Winston-Salem State University faces backlash after a video surfaced of a student getting arrested inside a classroom following a verbal altercation with a teacher.
The video, posted Wednesday, has more than 3.4 million views. In the video, a student identified as Leilla Hamoud, appears to crying as officers put handcuffs on her.
“You’re getting me taken out of here because I won’t apologize?” Hamoud says in the video, presumably addressing the teacher. “You started yelling at me. You tried to embarrass me about my paper.”
In the video’s background, other students can be heard criticizing the teacher for calling the police.
Hamoud was later charged with misdemeanor disorderly conduct, according to a police report cited by WFMY News.
According to the police report, Hamoud was “arguing with her professor about an assignment.” She was asked to leave by the professor but refused. She again refused to leave when police officers arrived, the police report states.
The disturbance happened in a classroom at Carolina Hall. The teacher, identified on social media as Cynthia Villagomez, is an assistant professor of history/Middle Eastern studies, according to the University’s website.
QCity Metro was unable to reach Villagomez for comment.
Social Media responds
As the video spread across social platforms, some viewers posted comments demanding answers from the university. The hashtag #JusticeForLeilla was included in a number of post.
“Winston-Salem State University go head and let that professor go. -WSSU ALUMNA,” one Facebook user posted.
“Baby girl is literally scared… this is awful,” another responded.
One person who identified himself as a WSSU alum tweeted that he wasn’t shocked by the video.
“The video that’s going viral at WSSU is not surprising. Professor Villagomez is NOT a good professor,” he said.
“An HBCU should be a safe space for black students. The professor & WSSU police need to be held accountable for their actions including dropping the charges,” another Twitter user said.
“They’re really trying to downplay this. The WSSU community and HBCU community in general will not let this horrific action be brushed under the rug,” someone else tweeted.
WSSU issued a statement on Wednesday:
Later on Wednesday, university Chancellor Elwood L. Robinson issued a statement saying the incident was being investigated.
“In accordance with law enforcement procedures, our officer’s first priority is to assess the situation and provide every opportunity for a positive resolution,” the statement said. “As situations escalate, their responsibility is to ensure the safety of the students, faculty, and staff members that are present.”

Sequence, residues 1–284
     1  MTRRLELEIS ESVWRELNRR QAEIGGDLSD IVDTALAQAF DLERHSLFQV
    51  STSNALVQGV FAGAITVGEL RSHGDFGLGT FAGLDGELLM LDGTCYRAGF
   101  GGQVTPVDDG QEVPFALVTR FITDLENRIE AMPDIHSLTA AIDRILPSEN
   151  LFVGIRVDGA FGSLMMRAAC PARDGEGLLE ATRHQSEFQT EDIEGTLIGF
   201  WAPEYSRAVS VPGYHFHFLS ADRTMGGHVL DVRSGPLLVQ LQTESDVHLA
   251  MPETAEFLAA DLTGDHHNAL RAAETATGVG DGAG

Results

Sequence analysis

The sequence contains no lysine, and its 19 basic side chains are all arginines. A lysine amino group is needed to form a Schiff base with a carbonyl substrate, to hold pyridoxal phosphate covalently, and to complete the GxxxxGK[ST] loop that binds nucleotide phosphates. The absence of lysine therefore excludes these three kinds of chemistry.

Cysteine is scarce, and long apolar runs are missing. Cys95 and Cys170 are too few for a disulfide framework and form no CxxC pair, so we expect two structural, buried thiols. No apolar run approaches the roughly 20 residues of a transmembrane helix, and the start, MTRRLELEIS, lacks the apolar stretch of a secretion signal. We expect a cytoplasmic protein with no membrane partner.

He added: “We know you want immediate answers; however, the speed of our processes does not match the speed of social media. Ultimately, we are committed to ensuring due diligence and fairness. We do ask for your patience as we must take the necessary time to ensure the safety of everyone involved. “
Hamoud’s side of the story
QCity Metro reached out to Hamoud for comment, but did not receive a response.
In a since-deleted Instagram Live video on Wednesday, Hamoud told viewers that the argument stemmed from a group assignment she had to present that day.
According to the video, Villagomez emailed Hamoud six hours before the essay was due, requesting changes.
“I’m not going back and redoing this essay that took me two weeks,” Hamoud said on the video.
Hamoud went on to say that when she arrived at class to present with her group, Villagomez referenced the email Hamoud sent. Hamoud said she told the professor again that she would not make last-minute changes.
The two argued and, according to Hamoud, Villagomez raised her voice. Hamoud acknowledged that she did the same. The professor demanded that Hamoud apologize or leave, according to Hamoud. The student refused to do either.
Villagomez left the classroom to consult with another teacher and returned with a campus police officer, Hamoud said.
Hamoud said that the officer, a Black man, did his best not to arrest her and tried to listen to both sides. Hamoud said a white officer later arrived and told the Black officer to handcuff her.
Hamoud said that when she asked why she was being arrested, the white officer told her it was for “RDO,” which she later learned is an abbreviation for resisting an officer.
“There was nothing to resist at that point…I just said ‘no’,” she said.
According to Hamoud, both officers failed to read her Miranda rights.
The officers drove Hamoud to Forsyth Detention Center where, according to her video, she waited nearly two hours before she saw a judge. The judge informed her that she was charged with a second-degree misdemeanor that carries a maximum penalty of 60 days in jail.
Because Hamoud did not have a previous arrest record, she said, the judge released her from custody. Hamoud said she informed the judge that her Miranda rights were not read to her and was told to share the information with her attorney.
“That’s all I needed to know, because it will be taken to my attorney,” Hamoud said in the video.
Hamoud said she was back home in Greensboro but described herself as being “heartbroken” by the situation.
“I am so, so scared, ya’ll. I have a future,” she said.
“I did not expect that to happen,” she continued.
Hamoud is scheduled to appear in court on January 25, according to WFMY News.